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American Teenage Girls Detained in Germany, Apparently on Way to Syria

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Three girls under 18 are back in the United States after they were stopped in Germany over the weekend and sent home to Denver — and several U.S. officials say they believe the trio intended to go to Syria to join up with Islamic militants like ISIS or another group.

German police said the three girls were stopped on Saturday at Frankfurt Airport at the request of their parents and the U.S. consulate. Officials say the three left Friday on a flight from Denver, through Chicago, then Frankfurt, with tickets to fly on to Istanbul in Turkey.

German authorities said the girls were asked to go back home and voluntarily took a flight back to the U.S. on Sunday. A U.S. official said the girls are back with their parents and that no charges have been filed.

A missing persons report filed on the girls in Denver states that the two of the girls are sisters who took $2,000 in cash from their parents after saying they were sick and staying home from school. They then purportedly went to a library. It was when the cash, and the girls' passports, were found missing that their parents called authorities. The report states that the girls wear headscarves as part of their religion.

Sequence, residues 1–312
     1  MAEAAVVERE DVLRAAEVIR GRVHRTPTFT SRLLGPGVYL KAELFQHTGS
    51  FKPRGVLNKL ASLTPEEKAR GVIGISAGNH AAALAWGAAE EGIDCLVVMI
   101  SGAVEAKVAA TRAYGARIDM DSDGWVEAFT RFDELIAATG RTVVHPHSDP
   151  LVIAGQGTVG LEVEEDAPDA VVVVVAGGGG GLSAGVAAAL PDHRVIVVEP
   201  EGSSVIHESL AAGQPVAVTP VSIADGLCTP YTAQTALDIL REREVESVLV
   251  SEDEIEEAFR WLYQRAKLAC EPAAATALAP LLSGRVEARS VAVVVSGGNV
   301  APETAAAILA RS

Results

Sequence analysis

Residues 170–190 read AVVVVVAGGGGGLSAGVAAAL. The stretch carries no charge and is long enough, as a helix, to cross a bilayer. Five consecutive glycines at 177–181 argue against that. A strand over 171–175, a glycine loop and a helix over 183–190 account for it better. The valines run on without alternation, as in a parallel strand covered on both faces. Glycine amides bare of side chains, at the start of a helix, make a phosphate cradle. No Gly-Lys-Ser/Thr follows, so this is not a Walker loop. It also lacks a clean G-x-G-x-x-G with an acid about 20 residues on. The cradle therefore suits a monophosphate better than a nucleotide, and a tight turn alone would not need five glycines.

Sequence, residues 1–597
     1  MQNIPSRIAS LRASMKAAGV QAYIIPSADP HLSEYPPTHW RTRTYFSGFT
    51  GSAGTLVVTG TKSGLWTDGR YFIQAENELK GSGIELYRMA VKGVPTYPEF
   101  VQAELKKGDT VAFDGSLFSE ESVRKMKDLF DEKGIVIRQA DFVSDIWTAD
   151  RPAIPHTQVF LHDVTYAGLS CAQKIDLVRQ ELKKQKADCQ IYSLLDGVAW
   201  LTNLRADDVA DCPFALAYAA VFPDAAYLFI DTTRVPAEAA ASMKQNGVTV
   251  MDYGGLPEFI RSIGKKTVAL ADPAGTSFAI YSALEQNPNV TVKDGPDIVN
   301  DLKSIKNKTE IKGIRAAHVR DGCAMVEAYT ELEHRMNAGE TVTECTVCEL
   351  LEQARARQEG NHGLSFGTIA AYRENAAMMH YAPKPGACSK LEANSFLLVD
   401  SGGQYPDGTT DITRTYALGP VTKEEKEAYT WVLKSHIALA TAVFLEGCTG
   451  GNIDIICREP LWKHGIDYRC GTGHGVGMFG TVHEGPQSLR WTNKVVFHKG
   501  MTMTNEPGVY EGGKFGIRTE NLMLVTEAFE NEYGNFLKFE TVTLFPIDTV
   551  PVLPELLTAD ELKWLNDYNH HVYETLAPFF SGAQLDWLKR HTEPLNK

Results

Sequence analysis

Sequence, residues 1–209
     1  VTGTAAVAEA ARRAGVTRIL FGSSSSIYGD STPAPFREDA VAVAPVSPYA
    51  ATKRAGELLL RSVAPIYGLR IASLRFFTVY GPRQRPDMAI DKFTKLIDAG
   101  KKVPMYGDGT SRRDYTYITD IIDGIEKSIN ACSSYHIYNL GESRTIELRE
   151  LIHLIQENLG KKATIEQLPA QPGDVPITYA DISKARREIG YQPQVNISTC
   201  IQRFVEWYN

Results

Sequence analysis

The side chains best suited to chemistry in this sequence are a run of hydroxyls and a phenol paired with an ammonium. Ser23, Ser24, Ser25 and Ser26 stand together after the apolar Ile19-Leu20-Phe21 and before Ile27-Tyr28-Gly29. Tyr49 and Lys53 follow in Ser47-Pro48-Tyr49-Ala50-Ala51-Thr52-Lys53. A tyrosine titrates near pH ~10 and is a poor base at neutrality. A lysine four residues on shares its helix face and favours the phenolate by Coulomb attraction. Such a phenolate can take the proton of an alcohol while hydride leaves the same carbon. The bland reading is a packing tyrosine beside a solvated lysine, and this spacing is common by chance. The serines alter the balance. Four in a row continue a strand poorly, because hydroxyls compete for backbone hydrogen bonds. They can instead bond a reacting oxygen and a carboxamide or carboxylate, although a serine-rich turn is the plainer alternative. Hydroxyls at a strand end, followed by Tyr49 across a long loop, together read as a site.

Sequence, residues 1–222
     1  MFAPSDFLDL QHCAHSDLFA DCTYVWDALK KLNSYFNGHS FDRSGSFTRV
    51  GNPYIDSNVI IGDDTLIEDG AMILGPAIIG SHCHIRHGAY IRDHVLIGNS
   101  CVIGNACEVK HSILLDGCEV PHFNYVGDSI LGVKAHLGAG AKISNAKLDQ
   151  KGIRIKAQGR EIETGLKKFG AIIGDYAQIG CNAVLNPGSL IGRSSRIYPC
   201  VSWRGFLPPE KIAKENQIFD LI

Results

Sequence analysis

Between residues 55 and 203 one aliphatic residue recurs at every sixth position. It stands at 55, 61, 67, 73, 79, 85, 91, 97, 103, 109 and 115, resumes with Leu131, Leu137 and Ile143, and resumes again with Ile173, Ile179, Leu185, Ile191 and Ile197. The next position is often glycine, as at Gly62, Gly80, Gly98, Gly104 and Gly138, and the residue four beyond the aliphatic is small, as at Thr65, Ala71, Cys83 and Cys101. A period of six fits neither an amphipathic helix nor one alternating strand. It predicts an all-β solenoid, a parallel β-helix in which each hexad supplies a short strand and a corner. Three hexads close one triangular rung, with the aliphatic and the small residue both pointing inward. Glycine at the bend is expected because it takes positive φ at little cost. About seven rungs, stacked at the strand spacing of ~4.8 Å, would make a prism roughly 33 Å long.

The two sisters are 17 and 15, and the third is a 16-year-old from another family, Glenn Thompson, bureau chief of the Arapahoe County Sheriff's Department, whose officers took the missing persons reports on Friday, told the Associated Press.

Another official said the eldest girl, who is of Somali origin, came up with the idea and urged the two younger ones to come along. But officials said it's unclear whether the girls had an actual contact in Syria or were simply going to show up and volunteer.

All these officials agreed that charges — at least by federal authorities — are unlikely. Charging juveniles in the federal system is rare and complicated.

"We obviously want to know why they wanted to go to Syria," the official said. The German authorities said no investigation was opened there, because there was no indication of criminal or terrorist activity.

A report by Voice of America over the weekend said that relatives and other sources said that the two sisters of Somali origin, and the third girl is from Sudan. The VOA report said one of the girls reportedly told German authorities that they were going to Turkey to study.

Suleimanagich, Kenny (206446232)

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